Recommendations. Despite COVID fatigue, this is the time to become more diligent.
- Wear masks—truly the one real weapon we have.
- Limit indoor activities, travel, and crowds.
- Consider Holiday gatherings virtually.
We all need to make sacrifices for the benefit all of us, or this winter could be very deadly.
Update as of Thursday | 09/10/20
In our effort to keep you up to date on the often confusing and contradictory news concerning COVID-19, we want to bring you some updates from what we consider reliable sources. In this case, the American Academy of Pediatrics (AAP), and the University of Pennsylvania’s vaccine experts.
Statistics: According to the AAP and the Children’s Hospital Association, there have been over 500,000 children in the US who have been diagnosed with COVID-19, and 103 deaths. This is more deaths than a typical flu season, but a small percentage of the total overall cases. Nevertheless, the cases are rising, and will probably continue to do so in children now that schools have started. These numbers are reminders that we need to continue to take this virus seriously, and continue to wear face masks and practice social distancing.
Vaccine: As for a vaccine, Phase 3 trials would have to be completed and analyzed for such data as sample size, complications, rates of protection, and age group information. In order to get a vaccine out in 2020, it would require emergency use authorization before the Phase 3 trials are finished. Most would not feel comfortable receiving one at that point. Also, we would not know yet which of the multitude of vaccines being developed will emerge as the front runner. But on the positive side, these trials are being fast tracked due to no financial risk to the companies (the government is footing the bill) and the numerous companies working on them. Also, the risk of a serious long-term complication from any vaccine is still less than one in a million, so hopefully, sometime in 2021 it may be safe to receive a COVID-19 vaccine.
Influenza: Finally, we are seeing a predicted high demand for flu vaccine this season, in order to prevent a dreaded “twindemic”. We have an ample supply on the way, and have scheduled flu clinics over the next few months. We still have some parents refusing the flu vaccine for their child(ren), and we urge them to reconsider. The risk-reward is firmly on the side of getting a flu shot.
Update as of Tuesday | 08/25/2020
The following persisting myths concerning coronavirus have been proven false:
- The virus was engineered in a lab in China.
Even US Intelligence has denied this possibility.
- Wealthy elites have purposely spread the virus to gain power and wealth.
QAnon and anti-vaxer rhetoric.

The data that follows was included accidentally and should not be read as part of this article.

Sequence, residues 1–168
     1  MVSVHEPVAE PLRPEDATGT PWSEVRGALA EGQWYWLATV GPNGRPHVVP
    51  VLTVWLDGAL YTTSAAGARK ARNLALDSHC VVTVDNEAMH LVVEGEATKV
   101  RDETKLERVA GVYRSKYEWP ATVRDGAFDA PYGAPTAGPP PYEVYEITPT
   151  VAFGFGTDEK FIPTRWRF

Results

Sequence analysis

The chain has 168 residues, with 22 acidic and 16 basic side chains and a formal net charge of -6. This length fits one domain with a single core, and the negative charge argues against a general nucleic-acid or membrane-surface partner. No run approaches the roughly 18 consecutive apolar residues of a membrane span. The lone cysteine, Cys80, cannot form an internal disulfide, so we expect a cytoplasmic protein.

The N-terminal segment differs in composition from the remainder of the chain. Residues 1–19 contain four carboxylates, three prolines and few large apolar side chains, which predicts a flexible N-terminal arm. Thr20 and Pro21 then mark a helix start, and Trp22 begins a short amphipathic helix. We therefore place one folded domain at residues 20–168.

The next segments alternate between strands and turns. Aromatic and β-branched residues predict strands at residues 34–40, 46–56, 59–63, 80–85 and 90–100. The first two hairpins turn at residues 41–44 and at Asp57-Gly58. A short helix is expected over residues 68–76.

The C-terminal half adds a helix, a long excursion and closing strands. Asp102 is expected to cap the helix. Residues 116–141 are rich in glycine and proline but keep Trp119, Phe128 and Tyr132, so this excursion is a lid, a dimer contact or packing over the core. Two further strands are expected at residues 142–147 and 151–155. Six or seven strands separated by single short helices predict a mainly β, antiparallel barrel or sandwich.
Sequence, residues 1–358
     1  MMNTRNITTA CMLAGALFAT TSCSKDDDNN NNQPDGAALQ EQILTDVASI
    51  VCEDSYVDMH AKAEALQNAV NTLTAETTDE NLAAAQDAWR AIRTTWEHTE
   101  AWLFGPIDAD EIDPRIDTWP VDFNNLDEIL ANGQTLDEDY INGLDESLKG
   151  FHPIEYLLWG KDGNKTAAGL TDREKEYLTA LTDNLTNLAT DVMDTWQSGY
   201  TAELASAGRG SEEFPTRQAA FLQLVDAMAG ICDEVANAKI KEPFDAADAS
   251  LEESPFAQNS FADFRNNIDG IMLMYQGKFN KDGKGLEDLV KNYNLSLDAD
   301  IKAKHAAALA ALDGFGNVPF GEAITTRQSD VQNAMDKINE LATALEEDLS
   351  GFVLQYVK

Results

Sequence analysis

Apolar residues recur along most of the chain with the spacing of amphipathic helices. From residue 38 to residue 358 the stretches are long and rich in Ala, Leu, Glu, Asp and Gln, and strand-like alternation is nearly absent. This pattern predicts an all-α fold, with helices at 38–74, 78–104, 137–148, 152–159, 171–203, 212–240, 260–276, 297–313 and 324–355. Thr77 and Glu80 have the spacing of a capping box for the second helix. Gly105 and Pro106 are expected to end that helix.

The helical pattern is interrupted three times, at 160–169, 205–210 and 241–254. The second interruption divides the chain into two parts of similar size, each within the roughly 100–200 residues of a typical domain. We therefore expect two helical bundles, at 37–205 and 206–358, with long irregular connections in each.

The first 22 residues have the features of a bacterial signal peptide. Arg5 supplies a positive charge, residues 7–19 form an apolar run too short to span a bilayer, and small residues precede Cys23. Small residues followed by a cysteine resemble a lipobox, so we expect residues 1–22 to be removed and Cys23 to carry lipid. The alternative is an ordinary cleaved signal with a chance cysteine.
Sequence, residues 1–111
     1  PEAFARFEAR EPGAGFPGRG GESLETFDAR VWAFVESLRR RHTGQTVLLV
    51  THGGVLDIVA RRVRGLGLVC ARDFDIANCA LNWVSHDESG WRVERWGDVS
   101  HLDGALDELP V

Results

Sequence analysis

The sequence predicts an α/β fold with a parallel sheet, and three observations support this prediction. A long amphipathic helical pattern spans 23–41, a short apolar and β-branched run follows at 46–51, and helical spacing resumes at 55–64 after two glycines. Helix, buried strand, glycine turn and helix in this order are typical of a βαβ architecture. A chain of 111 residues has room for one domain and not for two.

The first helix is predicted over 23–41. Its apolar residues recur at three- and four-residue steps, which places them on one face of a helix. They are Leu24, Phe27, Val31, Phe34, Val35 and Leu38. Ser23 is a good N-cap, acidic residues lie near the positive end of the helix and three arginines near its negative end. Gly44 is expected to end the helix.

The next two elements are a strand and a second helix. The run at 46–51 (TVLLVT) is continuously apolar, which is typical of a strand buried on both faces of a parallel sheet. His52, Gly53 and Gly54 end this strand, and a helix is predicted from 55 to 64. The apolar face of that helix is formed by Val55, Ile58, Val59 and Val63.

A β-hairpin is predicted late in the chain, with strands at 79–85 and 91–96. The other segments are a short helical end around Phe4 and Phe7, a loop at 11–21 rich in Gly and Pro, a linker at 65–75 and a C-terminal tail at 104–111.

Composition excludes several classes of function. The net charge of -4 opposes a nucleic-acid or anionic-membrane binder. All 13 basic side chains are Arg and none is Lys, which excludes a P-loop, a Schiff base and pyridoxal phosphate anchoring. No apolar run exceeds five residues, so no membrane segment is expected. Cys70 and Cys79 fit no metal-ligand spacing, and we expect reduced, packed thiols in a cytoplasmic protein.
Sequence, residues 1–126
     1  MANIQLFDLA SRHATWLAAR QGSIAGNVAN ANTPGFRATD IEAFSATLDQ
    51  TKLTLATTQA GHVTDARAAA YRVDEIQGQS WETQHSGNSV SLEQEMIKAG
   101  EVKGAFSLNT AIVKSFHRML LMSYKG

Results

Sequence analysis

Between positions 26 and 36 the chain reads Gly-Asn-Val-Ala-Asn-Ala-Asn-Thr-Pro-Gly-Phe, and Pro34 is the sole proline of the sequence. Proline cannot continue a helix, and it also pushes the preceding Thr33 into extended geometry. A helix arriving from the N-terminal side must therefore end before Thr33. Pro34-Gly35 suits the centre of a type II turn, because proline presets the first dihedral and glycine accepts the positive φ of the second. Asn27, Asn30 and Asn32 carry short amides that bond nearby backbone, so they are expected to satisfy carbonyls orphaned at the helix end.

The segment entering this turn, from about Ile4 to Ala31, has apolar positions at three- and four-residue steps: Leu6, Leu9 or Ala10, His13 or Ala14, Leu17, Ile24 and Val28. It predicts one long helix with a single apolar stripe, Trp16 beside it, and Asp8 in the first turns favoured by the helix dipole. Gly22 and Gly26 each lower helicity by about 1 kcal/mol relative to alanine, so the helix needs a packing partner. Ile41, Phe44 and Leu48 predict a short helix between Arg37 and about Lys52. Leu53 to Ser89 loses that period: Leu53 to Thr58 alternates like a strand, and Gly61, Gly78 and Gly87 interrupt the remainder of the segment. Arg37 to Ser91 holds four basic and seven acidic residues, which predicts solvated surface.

- COVID-19 is no worse than the flu.
The flu is never asymptomatic and makes you quite ill, but doesn’t cause nearly the number of deaths.
- You don’t need to wear a mask.
Yes, you do! It’s our best defense.
- Hydroxychloroquine is an effective treatment.
No data to support this and lots of side effects.
- The Black Lives Matters protests led to an increased transmission.
It did not.
- Spikes in cases are due to increased testing.
The percentage of positive tests have gone up, therefore this myth is debunked.
- We can achieve herd immunity by letting the virus spread throughout the community.
For that to happen, 2/3’s of the population would have to get COVID-19, and that would lead to way too many deaths.
- Any vaccine would be unsafe and lead to a bigger risk than COVID-19.
If the CDC and other scientific groups deem it safe and effective, it would be wise to get, despite what anti-vaxer groups say.
Update as of Wednesday | 08/05/20
I am a fan of extracurricular activities, especially sports and band (of which I participated in both while attending high school). But as a Pediatrician, I applaud CHSAA’s decision to move some sports to the spring. I have been concerned that all of these pre-season workouts would only increase the COVID-19 incidence rate, and the start of school would see a rapid rise of cases and a quick closure of schools again. We need to prioritize our children’s education first. Interestingly, most student athletes I’ve talked to agree with this opinion.
We have been asked by some parents to write a note for school allowing their child to not have to wear a mask for health reasons. But the fact is, there are no health reasons that would preclude this. Studies have shown that patients with respiratory conditions, such as asthmatics, have no problems wearing masks. Actually, pulse oximetry, both with and without a mask, as well as exercising with or without one, show no difference in oxygenation. The cause of a child feeling that they are having breathing difficulty is anxiety. We can help with this if needed, with some tips from our counselors. Bottom line, we will not be writing those notes.
Of all the school plans I have heard about (mainly five days or two days a week), I like the few schools that are doing four days a week. This gives students the advantages of being at school, but also some experience in virtual learning in case school get shut down again.
Update as of Wednesday | 07/29/20
Let’s review some up to date information about COVID-19: